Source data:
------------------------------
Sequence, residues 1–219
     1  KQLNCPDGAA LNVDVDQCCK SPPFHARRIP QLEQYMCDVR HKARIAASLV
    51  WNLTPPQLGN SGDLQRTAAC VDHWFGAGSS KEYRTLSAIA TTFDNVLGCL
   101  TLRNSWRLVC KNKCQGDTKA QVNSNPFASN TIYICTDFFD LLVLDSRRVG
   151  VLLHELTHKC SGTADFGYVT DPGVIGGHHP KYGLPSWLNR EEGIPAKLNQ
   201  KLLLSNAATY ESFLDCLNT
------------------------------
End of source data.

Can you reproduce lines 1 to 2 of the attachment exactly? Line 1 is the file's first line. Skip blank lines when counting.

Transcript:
Sequence, residues 1–219
     1  KQLNCPDGAA LNVDVDQCCK SPPFHARRIP QLEQYMCDVR HKARIAASLV